This approach may be appropriate for those other ways of using Fit, but
      I think the biggest value of Fit today is in its ability to assist with
      complex domains and so I haven't used it for those other things.

      The above approach also assumes a particular way of structuring a Fit
      document that I seem to have invented (or re-discovered, or something).
      I guess you could call it "elaborating on a theme." In this approach,
      you start with a concept and describe the most basic case (with a few
      examples). Then you describe one special case or additional detail
      (with a few more examples). Then another. Then another. In the end,
      you have a large section of a document with perhaps five paragraphs
      (depending on how much detail you need to provide), each with its own
      small set of examples.

      You can see this approach in action in the Fit Specification which is
      part of the Fit download. Check out parse.html for the best example.
      It's a bit hard to read because it's all about parsing HTML, so here's a
      lightly edited version:

      === cut ===
      Major Section: HTML Document Parsing

      Fit parses the tables from HTML documents into a data structure. For
      example, in the following table, raw HTML is shown on the left and Fit’s
      view of the HTML is shown on the right. (Table cells are in brackets,
      rows are per line, and tables are separated by dashes.)

      [3 examples]

      Minor Section: Other HTML

      Everything but table structure and cell contents are ignored. The
      ignored portions are preserved so they can be output again later,
      exactly as they were read in.

      [3 examples]

      Even whitespace is preserved.

      [2 examples]

      Minor Section: Complicated Tables

      The colspan and rowspan attributes of table cells are also ignored, but
      jagged tables (tables with a varying number of cells in each row) are okay:

      [2 examples]

      Minor Section: Malformed HTML

      Tables that are missing "table," "tr," or "td" tags generate an error.

      [4 examples]

      Tables containing unclosed "table," "tr," and "td" tags also generate an

      [3 examples]

      However, excess closing tags don’t generate an error.

      [1 example]

      HTML mistakes that aren’t related to tables are ignored.

      [1 example]

      Major Section: Table Parsing
      === cut ===

      Here you can see how I'm taking a theme and elaborating on it.

      "Fit parses HTML tables. (example) Here's what we do about everything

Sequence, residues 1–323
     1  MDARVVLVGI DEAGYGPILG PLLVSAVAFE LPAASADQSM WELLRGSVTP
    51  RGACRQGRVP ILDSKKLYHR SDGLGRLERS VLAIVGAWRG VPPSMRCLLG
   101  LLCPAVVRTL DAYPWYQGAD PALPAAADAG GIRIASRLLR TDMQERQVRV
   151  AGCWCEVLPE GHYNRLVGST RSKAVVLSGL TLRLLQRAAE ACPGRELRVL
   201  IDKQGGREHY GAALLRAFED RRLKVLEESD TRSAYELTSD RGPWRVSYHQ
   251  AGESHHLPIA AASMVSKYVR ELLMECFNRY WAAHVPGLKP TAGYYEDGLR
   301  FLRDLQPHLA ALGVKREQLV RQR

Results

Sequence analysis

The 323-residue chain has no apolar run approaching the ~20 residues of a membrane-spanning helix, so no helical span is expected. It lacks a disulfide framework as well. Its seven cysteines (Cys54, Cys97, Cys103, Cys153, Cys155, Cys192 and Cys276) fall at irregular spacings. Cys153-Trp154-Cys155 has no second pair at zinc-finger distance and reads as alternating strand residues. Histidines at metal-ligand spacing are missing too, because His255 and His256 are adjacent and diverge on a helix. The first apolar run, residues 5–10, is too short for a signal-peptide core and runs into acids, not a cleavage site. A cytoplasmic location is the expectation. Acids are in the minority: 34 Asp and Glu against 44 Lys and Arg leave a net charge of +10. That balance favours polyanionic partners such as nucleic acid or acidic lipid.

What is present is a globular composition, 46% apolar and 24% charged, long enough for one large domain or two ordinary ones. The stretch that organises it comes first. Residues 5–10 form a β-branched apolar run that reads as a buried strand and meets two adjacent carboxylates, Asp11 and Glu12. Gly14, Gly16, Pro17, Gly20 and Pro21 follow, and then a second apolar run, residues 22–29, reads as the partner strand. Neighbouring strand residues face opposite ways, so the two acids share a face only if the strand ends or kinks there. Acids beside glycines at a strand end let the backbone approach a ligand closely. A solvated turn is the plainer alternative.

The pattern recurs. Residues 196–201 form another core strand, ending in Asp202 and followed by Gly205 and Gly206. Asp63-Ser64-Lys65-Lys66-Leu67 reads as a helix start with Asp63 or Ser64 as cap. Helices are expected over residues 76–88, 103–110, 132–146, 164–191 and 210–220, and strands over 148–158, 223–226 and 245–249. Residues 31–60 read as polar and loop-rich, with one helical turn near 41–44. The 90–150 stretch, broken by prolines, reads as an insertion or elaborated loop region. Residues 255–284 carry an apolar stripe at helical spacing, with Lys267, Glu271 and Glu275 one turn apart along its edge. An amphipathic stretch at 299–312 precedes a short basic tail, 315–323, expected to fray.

else (example). We deal with rowspan and colspan (example). We deal
      with malformed HTML (further detail, example, detail, example, detail,
      example, detail, example)."

      With this approach to writing Fit documents, it's very natural to take a
      single section, use TDD to develop it independently of Fit, then return
      to Fit to see the examples turn green. Fit helps drive the direction of
      development without driving the development directly like TDD does.

      You could probably use describe-demonstrate-develop with other ways of
      structuring Fit documents but this is what I'm currently using and
      recommending. :-)

      I hope this is helpful or interesting. As I look back, I don't feel
      like I've written very clearly. If you'd like me to clarify, please
      write. I'll check in on the mailing list and be sure to reply.


      > On 11/26/05, Stephen Freeman <smgfreeman@...> wrote:
      >>On 25 Nov 2005, at 21:07, Dale Emery wrote:
      >>>I've been using a small story-test-driven-development cycle:
      >>>Write an acceptance test, write the code that passes it,
      >>>refactor. This isn't working for me. I've quickly learned that
      >>>it encourages me to think about classes too early. While I'm
      >>>writing acceptance tests, I want to focus on the story, and not
      >>>on classes.
      >>you might find that you need more fixture code to keep the tests
      >>readable as a domain language. We've been using FIT for nearly a year
      >>and, first, you have to let the tests develop over time as you get
      >>used to them and, second, we have a lot of fixture code to get away
      >>from any hit of their implementation. Using FitLibrary helps too.

      James Shore -- Titanium IT -- Successful Software
      Recipient of 2005 Gordon Pask award for
      Contributions to Agile Practice

      phone: 503-267-5490
      email: jshore@...
      web/blog: http://www.jamesshore.com